NEW YORK/GENEVA, 18 December 2007 - Three years after the Indian Ocean Tsunami claimed the lives of more than 200,000 people and devastated towns and communities, UNICEF has released its 2007 Tsunami report highlighting progress made for children since the 2004 catastrophe.
Including a detailed financial analysis of funds collected and expenditures to date, the report shows significant gains in education, particularly in the area of school construction in the eight affected countries. Since 2004, more than 150 million US dollars have been spent on education – more than a third of which were put into use in the past year. UNICEF has completed construction on more than 100 schools, and the building process is underway for another 254.
The report also highlights progress in UNICEF’s other programme areas, including health and nutrition, water and sanitation, HIV/AIDS and child protection in India, Indonesia, Malaysia, Maldives, Myanmar, Sri Lanka and Thailand. Some of the achievements in these areas include:
• Construction on 59 health facilities has been completed, while construction is underway on an additional 115; • More than 20,000 water points have been restored, serving over 730,000 people, and over 42,000 latrines constructed; • Insecticide-treated mosquito nets have been distributed, benefiting nearly 3.5 million people; • Over 1.2 million children have benefited from UNICEF’s psycho-social activities; • HIV/AIDS awareness and education campaigns have reached over 330,000 people.
In addition to UNICEF’s achievements to date, the 2007 Tsunami Monitoring Report also highlights the challenges that often hinder recovery programmes. For example, work in Sri Lanka and Somalia has in some cases been halted due to a resurgence of violence in the past year. Also, construction in Indonesia has been hampered by the lack of new roads and unresolved land titles, monitoring and evaluation in the Maldives by the dispersed geography, and access in Myanmar by geography and security.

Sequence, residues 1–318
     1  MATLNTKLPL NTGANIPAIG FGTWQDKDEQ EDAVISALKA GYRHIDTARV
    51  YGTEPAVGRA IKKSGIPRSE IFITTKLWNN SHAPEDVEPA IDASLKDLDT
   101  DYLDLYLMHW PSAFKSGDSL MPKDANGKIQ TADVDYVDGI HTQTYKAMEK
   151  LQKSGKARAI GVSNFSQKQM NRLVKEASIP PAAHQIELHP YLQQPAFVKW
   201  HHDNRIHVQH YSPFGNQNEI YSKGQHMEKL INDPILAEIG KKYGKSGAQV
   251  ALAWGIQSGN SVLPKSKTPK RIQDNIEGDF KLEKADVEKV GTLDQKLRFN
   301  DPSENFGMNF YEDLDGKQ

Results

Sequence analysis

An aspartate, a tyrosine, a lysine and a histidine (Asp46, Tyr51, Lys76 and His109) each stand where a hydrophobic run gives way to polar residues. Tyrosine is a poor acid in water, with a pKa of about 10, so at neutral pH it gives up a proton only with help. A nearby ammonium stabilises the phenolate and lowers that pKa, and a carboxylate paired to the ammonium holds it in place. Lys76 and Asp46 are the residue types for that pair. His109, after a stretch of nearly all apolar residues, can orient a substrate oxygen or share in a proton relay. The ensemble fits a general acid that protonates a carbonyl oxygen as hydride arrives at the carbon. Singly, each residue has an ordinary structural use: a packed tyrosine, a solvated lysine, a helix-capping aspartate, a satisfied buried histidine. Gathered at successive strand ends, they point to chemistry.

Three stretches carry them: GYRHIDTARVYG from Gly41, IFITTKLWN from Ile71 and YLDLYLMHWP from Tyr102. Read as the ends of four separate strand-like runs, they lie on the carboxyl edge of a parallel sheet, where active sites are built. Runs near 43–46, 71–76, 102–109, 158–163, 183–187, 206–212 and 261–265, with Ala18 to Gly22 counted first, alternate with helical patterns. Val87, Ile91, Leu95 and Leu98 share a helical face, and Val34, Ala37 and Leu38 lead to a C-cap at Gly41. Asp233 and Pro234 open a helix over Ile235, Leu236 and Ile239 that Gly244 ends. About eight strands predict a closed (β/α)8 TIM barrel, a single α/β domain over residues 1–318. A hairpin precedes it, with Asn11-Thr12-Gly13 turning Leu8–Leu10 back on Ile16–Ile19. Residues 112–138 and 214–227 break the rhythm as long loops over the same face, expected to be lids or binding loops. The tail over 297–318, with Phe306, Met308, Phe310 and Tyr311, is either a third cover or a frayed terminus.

Realizing that lasting recovery will take years, UNICEF tries not only to move quickly, but also to be accountable and ensure its work has lasting impact. The aim is not to find quick solutions that cannot be sustained, but to build back better, involving communities and local governments in the recovery and rebuilding process. With these long-term goals in mind, UNICEF’s tsunami programmes and corresponding funding are planned through the end of 2009.
About UNICEF UNICEF is on the ground in over 150 countries and territories to help children survive and thrive, from early childhood through adolescence. The world’s largest provider of vaccines for developing countries, UNICEF supports child health and nutrition, good water and sanitation, quality basic education for all boys and girls, and the protection of children from violence, exploitation, and AIDS. UNICEF is funded entirely by the voluntary contributions of individuals, businesses, foundations and governments.